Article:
The results have come in on a decade of failed trade deals: people in the United States and around the globe are living the damage of these corporate-rule agreements that fuel the race to the bottom and prioritize short-term corporate profits over good jobs, access to essential public services, and a healthy environment.
But, the Bush Administration and U.S. Trade Representative Robert Portman’s negotiators apparently just don’t know how to take the hint that no one is buying their agenda.
First, after a year and a half of trying, they couldn’t pass the Central America Free Trade Agreement (CAFTA) without procedural stunts in Congress. It took a pack of bribes, threats and dirty tricks to ultimately get a bunch of vulnerable House Republicans to walk the political plank and vote for CAFTA when their constituents opposed it. Then, a few weeks ago in Argentina, President Bush’s attempt to revive the Free Trade Area of the Americas (FTAA) – a.k.a. NAFTA on steroids for the whole hemisphere – collapsed in spectacular defeat.
Now it's little surprise that global trade negotiations – the so-called Doha Round Expansion of the World Trade Organization (WTO) that the Bush administration touts as its number one trade goal – has hit the rocks on the way to the WTO’s Sixth Ministerial Conference in Hong Kong, on December 13th-18th.
Coincidence? Clearly not. Not only have we not gotten the promised gains from the WTO, but we're actually worse off than before. It’s not surprising that an institution that fails the most conservative “do no harm” test is not very popular.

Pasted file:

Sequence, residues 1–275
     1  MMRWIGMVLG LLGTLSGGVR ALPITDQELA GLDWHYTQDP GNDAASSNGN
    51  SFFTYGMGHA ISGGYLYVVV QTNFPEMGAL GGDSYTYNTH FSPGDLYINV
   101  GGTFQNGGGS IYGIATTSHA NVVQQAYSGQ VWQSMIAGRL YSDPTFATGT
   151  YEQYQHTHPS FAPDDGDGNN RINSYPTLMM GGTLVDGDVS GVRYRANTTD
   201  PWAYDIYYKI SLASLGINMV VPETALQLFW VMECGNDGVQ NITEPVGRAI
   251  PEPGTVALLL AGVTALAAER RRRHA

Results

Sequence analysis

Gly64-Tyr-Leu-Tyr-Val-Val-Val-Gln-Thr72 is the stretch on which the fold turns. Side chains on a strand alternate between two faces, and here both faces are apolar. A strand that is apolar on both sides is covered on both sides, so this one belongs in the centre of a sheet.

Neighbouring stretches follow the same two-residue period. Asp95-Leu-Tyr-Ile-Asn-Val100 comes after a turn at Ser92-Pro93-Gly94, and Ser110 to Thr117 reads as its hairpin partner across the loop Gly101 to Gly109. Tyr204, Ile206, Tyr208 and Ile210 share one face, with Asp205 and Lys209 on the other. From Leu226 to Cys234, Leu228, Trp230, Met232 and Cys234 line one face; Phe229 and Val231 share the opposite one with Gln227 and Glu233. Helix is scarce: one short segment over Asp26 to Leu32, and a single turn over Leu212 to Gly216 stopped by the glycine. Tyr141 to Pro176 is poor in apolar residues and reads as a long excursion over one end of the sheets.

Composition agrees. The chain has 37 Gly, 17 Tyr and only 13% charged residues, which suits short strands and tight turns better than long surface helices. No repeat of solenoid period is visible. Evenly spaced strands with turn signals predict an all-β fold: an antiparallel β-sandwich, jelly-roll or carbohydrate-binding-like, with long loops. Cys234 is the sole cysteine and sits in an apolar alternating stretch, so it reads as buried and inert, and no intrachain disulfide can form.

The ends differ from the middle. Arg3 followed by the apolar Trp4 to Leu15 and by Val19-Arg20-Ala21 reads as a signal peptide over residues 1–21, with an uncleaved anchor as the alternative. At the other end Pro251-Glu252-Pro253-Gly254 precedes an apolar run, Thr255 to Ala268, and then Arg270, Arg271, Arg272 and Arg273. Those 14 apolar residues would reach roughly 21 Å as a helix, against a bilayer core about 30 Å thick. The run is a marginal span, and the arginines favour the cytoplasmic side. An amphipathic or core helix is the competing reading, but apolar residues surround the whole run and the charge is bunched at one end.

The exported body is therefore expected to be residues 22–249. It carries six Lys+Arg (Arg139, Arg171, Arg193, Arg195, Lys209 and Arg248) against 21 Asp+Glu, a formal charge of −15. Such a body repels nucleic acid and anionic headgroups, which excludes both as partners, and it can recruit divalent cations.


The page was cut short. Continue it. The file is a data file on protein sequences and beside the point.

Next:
To learn more about the WTO, check out our website, or order a copy of Global Trade Watch director Lori Wallach’s definitive guide: Whose Trade Organization: A Comprehensive Guide to the WTO.
Why are these talks jammed now? Because the agenda is upside down, set by a few powerful countries that are pushing to expand the reach of this powerful, secretive and profoundly anti-democratic institution. Meanwhile, most countries and the worldwide global justice movement are demanding that the problems with the existing WTO corporate globalization agenda be fixed.
“No way,” say the corporations and the bloc of rich countries for whom they provide negotiating instructions. When will they learn? Don’t they remember how the WTO summits in Seattle and Cancun tanked? Well, it was over the same big picture question: WTO expansion or WTO turnaround?
While mainstream news stories may focus on the political horserace – who offered what to whom – in the coming weeks, we’ll send you key updates about what really matters about the WTO talks, and important information about what one of the WTO’s 17 agreements – the General Agreement on Trade in Services (GATS) – means for democracy here in the United States and around the world.
Please stay tuned, and forward this information to your friends and family.
The Global Trade Watch Team